Regulated entities can be held responsible for non-compliance with the coal ash rule even if a state does not revise its SWMP to incorporate the rule. In contrast to regulations promulgated under RCRA Subtitle C, which generally become enforceable only after states have incorporated hazardous waste requirements into their own state rules and EPA has authorized the state provisions, regulations issued under RCRA Subtitle D are self-implementing. See, e.g., 80 Fed. Reg. at 21331-34. The CCR rule's requirements thus are automatically effective whether or not they are ever incorporated into state law. Once the rule becomes effective in October, any person will be able to sue CCR owners or operators to enforce any of the rule's requirements under RCRA's citizen suit provision, Section 7002(a)(1)(A). Such suits will most likely be pursued by environmental non-governmental groups (ENGOs).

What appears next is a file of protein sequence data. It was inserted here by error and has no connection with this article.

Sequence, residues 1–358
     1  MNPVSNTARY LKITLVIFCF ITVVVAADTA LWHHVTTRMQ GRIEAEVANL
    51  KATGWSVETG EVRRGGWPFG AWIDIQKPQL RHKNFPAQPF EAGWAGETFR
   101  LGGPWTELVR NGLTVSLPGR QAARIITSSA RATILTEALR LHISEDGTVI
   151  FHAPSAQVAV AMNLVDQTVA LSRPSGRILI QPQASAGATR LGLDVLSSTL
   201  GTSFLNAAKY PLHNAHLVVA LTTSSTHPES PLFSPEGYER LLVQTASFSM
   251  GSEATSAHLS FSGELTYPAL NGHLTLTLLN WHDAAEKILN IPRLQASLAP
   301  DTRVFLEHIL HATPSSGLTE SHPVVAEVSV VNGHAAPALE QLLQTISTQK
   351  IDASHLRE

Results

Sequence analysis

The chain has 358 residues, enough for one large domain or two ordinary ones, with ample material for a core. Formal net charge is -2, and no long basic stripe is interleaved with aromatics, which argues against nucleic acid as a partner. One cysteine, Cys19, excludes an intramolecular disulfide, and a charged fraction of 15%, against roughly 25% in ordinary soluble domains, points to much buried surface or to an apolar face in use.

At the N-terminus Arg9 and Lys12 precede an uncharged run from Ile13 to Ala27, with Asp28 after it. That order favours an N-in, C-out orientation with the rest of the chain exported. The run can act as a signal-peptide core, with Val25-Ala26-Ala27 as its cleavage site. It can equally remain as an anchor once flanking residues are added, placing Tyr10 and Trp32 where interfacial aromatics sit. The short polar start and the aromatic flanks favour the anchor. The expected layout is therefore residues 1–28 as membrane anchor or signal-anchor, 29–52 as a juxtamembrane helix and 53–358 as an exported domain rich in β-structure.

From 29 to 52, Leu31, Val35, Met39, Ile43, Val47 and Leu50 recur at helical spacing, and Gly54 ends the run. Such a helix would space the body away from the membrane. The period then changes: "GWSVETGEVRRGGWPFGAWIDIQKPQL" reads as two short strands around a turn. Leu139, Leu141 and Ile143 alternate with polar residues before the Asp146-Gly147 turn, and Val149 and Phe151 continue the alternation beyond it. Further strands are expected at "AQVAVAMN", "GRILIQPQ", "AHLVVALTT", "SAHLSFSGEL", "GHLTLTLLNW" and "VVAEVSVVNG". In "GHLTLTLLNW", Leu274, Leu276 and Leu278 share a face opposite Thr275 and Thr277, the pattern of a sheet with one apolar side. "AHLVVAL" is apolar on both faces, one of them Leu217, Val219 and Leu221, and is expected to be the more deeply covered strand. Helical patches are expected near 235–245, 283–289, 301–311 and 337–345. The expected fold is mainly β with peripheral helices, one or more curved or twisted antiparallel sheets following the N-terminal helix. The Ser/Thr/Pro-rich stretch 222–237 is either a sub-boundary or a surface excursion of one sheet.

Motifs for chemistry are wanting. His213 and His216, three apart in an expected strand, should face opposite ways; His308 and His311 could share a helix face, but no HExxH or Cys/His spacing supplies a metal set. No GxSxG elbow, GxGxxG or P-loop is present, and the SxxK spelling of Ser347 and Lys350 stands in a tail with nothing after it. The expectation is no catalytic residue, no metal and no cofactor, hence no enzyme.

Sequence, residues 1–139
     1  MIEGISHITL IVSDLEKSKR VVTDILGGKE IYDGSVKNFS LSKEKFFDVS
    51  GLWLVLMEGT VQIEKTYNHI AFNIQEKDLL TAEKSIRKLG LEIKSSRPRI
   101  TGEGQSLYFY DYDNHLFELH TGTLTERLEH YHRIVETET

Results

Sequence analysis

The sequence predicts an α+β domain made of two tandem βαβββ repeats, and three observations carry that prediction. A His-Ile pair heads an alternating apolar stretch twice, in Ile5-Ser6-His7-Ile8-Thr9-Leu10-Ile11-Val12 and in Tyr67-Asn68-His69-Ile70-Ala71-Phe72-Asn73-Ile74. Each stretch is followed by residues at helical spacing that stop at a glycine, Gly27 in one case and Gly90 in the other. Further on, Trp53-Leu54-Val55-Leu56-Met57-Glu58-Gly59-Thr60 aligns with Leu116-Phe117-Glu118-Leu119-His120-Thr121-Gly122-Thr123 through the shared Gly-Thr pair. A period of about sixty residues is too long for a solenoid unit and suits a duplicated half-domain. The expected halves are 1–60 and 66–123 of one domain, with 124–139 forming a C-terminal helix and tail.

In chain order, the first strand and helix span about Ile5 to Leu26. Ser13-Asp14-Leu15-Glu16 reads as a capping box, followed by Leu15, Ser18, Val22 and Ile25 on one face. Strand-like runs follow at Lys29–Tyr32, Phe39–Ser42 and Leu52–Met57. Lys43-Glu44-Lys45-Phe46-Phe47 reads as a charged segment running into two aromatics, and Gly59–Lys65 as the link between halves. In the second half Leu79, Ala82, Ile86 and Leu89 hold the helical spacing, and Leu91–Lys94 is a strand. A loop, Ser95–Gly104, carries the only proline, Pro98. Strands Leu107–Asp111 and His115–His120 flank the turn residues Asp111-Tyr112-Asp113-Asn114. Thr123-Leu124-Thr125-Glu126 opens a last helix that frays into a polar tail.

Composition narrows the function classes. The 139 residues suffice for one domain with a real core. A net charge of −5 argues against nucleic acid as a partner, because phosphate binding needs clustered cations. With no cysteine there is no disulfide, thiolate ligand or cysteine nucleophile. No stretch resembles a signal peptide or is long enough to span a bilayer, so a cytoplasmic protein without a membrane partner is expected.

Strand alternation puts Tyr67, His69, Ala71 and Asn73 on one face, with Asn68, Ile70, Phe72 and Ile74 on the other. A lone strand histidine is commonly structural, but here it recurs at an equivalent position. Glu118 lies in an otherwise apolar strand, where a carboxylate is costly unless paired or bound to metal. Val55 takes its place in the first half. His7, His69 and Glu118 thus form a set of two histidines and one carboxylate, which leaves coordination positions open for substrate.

A state also may enforce the rule by bringing a RCRA citizen suit, which will allow a state that has not amended its SWMP to still enforce the rule. Although the concept of a state suing to enforce federal requirements seems counterintuitive, RCRA's citizen suit provision allows "any person," including a state, to commence a civil action against any other person alleged to be in violation of any regulation under Subtitle D, such as the CCR rule.
4. Compliance with State Solid Waste Requirements Will Not Bar a Citizen Suit.
Even if a state does incorporate the rule into its SWMP, ENGOs may still sue to enforce the federal criteria. EPA approval of a SWMP does not mean that the state plan operates in lieu of the CCR rule. See 80 Fed. Reg. at 21330, 21332-33, 21412. Instead, under the unique structure of Subtitle D, the federal rule remains in place and subject to enforcement through a RCRA citizen suit, even if the state determines that the CCR unit does not violate the state plan. However, EPA expects that compliance with an EPA-approved SWMP will carry "substantial weight" in a court proceeding to determine whether compliance with state requirements constitutes compliance with the federal criteria. Id. at 21334, 21429.